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Windows 2003 Terminal Server in NT4 Domain Questions

Here is my issue:

I have an NT 4.0 Domain, that I can't upgrade for a variety of reasons. I have a Windows 2003 Terminal server that is a member of that domain. I need to:

1. Hide local drives from the terminal users, but not the Domain admin account. I played with the GPO user settings, but it affects the admin account as well. Without an AD domain controller and the ability to create an OU, how do I do it?

2. On the same token, how can I redirect the the terminal users files(documents & settings, desktops, etc) to be stored on the D drive, instead of c?  Without AD, the GPO doesn't  not seem to have the user folder redirection under the   userconfig\windows settings\ in the GPO editor. Am I missing it, or is there another way?

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bepenterprises
Asked:
bepenterprises
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1 Solution
 
artthegeekCommented:
1. Hide local drives:

Make sure you have a separate GPO for those rights/restrictions you want to apply to users & place it at the Domain or OU level.
Give those users Read permissions to the GPO (create a group, put them in it, give permissions to the group)
Don't give permissions to the Administrator.

GPOs will only apply to an object (user, group, server) if that object has Read permissions to it.

2. Redirect:
Assign the path manually by typing it into the "Profile Path" setting on the Profile tab of each user's properties.
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bepenterprisesAuthor Commented:
Again, NT 4 Domain controller. Cannot create OU or a GPO at the domain controller.
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Darwinian999Commented:
1. With an NT4 domain, you obviously can't use Group Policy, so you're stuck with local policies. Local policies apply to all users, including the administrator. There's no practical way to exclude Administrators from having local policy applied.

To hide the drives for users, you can change the value of "nodrives" in the profile of each of users[HKEY_CURRENT_USER\Software\Microsoft\Windows\CurrentVersion\Policies\Explorer] . The simplest way to do this for new users is to do it in the default user profile .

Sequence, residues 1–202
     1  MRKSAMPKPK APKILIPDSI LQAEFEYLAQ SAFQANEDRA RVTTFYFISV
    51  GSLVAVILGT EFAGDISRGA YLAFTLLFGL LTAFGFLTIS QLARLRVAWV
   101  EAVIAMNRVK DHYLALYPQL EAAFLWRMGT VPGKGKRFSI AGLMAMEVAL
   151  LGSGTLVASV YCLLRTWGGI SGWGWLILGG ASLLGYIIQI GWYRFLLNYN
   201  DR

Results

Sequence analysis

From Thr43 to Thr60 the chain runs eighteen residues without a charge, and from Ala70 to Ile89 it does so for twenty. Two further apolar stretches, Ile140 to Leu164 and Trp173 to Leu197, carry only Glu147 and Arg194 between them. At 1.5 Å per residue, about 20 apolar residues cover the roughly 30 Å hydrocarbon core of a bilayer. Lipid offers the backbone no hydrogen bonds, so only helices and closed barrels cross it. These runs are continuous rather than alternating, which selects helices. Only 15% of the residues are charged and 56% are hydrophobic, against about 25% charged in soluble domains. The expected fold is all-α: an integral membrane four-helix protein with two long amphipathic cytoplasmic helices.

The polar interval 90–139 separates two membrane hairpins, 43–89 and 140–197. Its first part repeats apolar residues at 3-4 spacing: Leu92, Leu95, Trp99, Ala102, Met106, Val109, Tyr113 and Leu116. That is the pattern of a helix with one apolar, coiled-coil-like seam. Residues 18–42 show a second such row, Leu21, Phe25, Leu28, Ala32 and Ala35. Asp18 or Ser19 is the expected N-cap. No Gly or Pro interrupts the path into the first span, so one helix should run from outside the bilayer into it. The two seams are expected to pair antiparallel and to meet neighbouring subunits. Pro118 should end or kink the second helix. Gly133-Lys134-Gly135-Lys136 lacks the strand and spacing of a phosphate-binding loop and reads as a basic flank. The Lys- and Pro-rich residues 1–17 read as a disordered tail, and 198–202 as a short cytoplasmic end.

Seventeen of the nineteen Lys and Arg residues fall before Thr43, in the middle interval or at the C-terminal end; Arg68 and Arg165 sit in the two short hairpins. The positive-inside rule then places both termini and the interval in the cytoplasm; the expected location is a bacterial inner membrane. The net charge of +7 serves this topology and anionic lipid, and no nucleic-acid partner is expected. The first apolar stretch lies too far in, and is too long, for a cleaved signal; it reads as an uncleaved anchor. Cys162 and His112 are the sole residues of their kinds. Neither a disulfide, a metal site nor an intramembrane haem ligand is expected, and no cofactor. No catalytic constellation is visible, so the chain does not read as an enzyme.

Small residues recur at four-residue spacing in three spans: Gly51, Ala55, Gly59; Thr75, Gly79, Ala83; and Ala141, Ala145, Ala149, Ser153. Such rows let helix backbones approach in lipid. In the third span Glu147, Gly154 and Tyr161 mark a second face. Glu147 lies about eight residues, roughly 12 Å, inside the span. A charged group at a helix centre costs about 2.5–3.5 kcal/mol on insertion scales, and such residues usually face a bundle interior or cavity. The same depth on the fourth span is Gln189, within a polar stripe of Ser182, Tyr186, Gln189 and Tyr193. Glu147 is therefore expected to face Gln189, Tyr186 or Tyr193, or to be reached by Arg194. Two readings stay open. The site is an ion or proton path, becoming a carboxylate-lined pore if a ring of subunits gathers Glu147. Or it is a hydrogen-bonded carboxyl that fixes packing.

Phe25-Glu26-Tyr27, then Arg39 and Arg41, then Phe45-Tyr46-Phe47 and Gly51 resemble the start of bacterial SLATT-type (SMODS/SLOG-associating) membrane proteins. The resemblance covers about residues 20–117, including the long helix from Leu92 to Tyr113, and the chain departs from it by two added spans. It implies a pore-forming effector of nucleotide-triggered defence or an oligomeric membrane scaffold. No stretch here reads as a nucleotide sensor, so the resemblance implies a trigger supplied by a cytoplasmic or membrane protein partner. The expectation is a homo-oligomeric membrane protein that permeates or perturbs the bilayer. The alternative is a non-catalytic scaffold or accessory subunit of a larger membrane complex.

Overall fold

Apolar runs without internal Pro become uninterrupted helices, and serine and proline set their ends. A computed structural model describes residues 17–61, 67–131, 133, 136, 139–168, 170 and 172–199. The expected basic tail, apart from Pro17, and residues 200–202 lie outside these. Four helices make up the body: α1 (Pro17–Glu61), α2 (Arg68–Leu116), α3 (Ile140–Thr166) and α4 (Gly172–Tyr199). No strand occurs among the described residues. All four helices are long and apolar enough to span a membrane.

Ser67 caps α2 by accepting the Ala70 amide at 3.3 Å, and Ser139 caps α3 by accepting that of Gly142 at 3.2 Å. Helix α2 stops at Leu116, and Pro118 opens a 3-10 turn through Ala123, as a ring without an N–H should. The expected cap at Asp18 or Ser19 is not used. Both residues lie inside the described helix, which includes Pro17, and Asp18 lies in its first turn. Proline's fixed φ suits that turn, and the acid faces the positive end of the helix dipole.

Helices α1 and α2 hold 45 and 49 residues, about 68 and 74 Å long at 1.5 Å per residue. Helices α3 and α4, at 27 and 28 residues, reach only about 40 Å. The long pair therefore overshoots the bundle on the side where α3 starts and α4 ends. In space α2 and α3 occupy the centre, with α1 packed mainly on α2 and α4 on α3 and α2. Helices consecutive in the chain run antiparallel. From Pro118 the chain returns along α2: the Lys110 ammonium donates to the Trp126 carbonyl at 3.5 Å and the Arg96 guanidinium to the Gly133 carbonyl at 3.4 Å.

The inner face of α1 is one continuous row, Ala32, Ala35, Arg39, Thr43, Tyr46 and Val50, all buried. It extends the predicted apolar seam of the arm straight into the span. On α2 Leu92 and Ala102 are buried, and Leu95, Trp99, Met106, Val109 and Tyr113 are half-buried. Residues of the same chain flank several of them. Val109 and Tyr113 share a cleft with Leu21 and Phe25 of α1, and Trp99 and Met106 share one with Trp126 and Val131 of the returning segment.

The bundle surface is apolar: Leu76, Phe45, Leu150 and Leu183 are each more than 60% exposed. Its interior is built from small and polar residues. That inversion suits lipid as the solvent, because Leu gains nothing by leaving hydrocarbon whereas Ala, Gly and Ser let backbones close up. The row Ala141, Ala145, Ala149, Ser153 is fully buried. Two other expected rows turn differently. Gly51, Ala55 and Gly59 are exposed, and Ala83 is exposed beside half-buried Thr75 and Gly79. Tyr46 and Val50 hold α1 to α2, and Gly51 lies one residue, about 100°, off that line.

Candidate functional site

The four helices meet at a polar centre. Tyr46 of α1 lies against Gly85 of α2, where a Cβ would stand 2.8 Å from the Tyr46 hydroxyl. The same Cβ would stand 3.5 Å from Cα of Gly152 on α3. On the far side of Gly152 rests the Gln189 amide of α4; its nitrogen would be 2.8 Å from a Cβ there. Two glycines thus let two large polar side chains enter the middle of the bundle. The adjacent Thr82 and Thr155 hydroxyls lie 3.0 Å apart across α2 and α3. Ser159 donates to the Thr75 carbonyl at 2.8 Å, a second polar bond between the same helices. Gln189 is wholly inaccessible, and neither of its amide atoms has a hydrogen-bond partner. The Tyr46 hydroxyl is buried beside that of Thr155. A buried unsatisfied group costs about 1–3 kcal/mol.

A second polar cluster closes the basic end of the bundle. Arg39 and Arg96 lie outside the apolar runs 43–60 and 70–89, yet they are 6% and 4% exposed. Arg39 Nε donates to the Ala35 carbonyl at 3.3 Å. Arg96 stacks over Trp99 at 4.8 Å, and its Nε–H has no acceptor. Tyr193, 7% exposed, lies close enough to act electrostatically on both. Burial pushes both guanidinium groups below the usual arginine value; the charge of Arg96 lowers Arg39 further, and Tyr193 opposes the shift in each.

HideCalc is a great tool for creating .REG, .ADM and .KIX files for hiding drives. http://www.dabcc.com/DABCC/WebApplication/Aspx/dabcc.file.download.aspx?intFile=20

2. You can move the Documents & Settings folder to drive D: - http://support.microsoft.com/kb/322014/en-us
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bepenterprisesAuthor Commented:
Darwinian999,

That's what I was afraid of that on the the Admin and local policies.

On item 2, I don't want to move them after each user login. If a domain user logs into the terminal server, I want their profile to be created on the d: drive. It sort of works if I set their profile path in their NT user config to a share on the terminal server, but after doing so, the domain admin logged into the terminal server does not have access to the users folder without taking ownership. Then, even if you set the owner back to the domain user, that user cannot gain access to the profile.
 
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Darwinian999Commented:
Step 2 in http://support.microsoft.com/kb/322014/en-us describes a registry change that causes all new cached or local profiles to be created in the location that you specify.
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bepenterprisesAuthor Commented:
OK, but when I change that key value to d:\documents & Settings, all new users logging in get the error that their profile cannot be loaded, and an error 1500 in the event viewer. What am I missing?
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Darwinian999Commented:
Whenever I've done this, I've also done a search and replace in the registry to change the following, in the order listed:

C:\Documents   ->  D:\Documents
C:\DOC  ->  D:\DOC
%SystemDrive%\Documents  ->  D:\Documents

I do this on both values and data in the registry. You'll also need to create the folder "D:\Documents & Settings" with the appropriate permissions.

After doing this, I reboot and it works nicely.
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Darwinian999Commented:
Ah, one other thing - copy the Default User and All Users folders to their new location on D:
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